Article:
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As our institutions are under increasing pressure to control costs, they must carefully consider the need to offer the breadth of educational opportunities which are at the heart of the liberal-arts experience.  With lower enrollments and less demand, the less-commonly taught languages often face the most scrutiny.  And yet the availability of instruction in these languages is critical for students who wish to study (and perhaps work) in countries in which these are the primary languages.  In many cases, students are required to study the native language before they are permitted to travel on a study abroad program.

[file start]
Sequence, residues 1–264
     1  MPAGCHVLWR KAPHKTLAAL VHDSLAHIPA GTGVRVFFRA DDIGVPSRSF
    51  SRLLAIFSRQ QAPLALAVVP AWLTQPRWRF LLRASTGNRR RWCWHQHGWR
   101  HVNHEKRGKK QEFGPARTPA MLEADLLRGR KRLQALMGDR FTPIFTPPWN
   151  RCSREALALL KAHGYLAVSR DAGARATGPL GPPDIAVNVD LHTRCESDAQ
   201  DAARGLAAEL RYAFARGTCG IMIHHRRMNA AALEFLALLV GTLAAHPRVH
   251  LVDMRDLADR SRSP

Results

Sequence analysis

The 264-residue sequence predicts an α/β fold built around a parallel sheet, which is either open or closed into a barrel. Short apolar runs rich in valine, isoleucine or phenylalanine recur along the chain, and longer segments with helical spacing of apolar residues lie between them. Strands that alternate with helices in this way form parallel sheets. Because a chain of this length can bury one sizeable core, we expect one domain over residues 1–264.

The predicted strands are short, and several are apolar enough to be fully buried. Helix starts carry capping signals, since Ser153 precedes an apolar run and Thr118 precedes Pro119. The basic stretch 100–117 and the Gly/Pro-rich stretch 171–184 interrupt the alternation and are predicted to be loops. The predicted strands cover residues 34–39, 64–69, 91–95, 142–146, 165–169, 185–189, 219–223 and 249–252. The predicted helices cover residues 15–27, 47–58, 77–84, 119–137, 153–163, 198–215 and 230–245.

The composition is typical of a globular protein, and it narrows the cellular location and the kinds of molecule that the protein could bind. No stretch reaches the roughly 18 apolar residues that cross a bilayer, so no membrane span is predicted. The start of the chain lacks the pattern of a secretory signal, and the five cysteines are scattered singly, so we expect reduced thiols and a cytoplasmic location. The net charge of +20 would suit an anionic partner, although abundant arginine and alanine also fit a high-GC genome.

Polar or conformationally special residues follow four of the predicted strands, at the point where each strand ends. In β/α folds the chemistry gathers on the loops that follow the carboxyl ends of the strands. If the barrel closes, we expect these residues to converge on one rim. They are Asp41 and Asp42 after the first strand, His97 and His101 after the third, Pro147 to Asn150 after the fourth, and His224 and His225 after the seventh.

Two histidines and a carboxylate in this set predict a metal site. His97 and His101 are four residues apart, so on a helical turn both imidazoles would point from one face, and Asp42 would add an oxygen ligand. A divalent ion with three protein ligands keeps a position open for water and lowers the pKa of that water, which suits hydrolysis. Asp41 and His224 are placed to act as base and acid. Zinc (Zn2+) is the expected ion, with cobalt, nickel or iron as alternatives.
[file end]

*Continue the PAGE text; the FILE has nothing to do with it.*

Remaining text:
This project seeks to create faculty learning groups in at least two languages to conduct a pilot to test how we can pool resources in the less-commonly taught languages for more efficient and effective delivery of language instruction.  There are three possible approaches we might explore.  The first is to use blended learning pedagogy through which students can take language courses that are taught by faculty on other New York Six campuses.  This approach would complement our exploration of blended learning that is currently funded by the Teagle Foundation.  It would also be well supported by the information technology infrastructure that we are developing through the Connected Consortium Partnership.  Two other approaches involve self-instructional programs that rely on the support of traditional instructors or language mentors (Fulbright scholars or international students) to provide private or small group instruction supplemented by intensive independent study and assessment by external examiners.